If we think about that statement we realize that true friends do not expect anything from us, but instead, they want to co-operate in every way possible to help to make our lives a little better. Perhaps that might even involve helping us face the truth about ourselves, or giving us advice that we really don't want to hear. Above all, they are interested in our welfare, how we are doing and are available when we are in need.
I recall a few months ago when my son died suddenly, I phoned a good friend to give her the sad news. She listened and then stated: "I will cancel my holiday plans for the week and be available for whatever you need." That was a huge gift of her time. There were certainly other people around to also assist but she was a friend from my church community and each morning after daily Mass, she would inquire if I needed help for anything in particular. One morning she took my granddaughter and I shopping for funeral clothes. Another morning, she picked up coffee and brought it to our family. Perhaps they were simple efforts but such valuable gifts of her time. Her presence was calming and comforting. She was also chosen to do the readings at the funeral, just as she had done for my husband's funeral, my second wedding, and then for my son.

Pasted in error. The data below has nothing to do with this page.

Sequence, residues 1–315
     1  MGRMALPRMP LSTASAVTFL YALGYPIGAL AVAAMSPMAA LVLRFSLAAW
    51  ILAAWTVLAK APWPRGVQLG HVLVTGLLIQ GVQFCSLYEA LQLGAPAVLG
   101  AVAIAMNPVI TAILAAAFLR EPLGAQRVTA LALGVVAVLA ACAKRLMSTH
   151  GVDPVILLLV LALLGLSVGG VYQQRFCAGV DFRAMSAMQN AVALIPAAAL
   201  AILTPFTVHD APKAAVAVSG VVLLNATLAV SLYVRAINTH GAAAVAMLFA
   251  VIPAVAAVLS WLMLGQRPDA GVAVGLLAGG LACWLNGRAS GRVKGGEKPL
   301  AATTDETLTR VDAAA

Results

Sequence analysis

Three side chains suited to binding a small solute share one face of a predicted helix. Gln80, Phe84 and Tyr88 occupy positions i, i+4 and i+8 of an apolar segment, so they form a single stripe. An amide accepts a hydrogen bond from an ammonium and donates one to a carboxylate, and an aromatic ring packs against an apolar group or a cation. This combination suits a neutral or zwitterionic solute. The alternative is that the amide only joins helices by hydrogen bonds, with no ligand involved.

Friendship means availability. I am sure you know people who are a part of your lives and seem to be happy to assist when there seems to be something for them to gain for themselves. Those people may have good intentions, but the reality is that they are opportunistic. If it suits their schedule or it doesn't inconvenience them, then they are happy to oblige.
What a blessing it is to have people in your life who love you in spite of your faults and, your weaknesses. They are true gifts from God and their presence in your lives enhances your own journey. Today you might want to say a little prayer of thanks as you examine those people you might consider to be real friends.
My dad also added: "If you can count those who are true friends on one hand, you are rich." With friendship, it is not about quantity, but instead, quality. Even the Bible speaks of that when it says in Sirach, chapter 6: "A faithful friend is a sturdy shelter; he who finds one finds a treasure…. A faithful friend is a life-saving remedy…"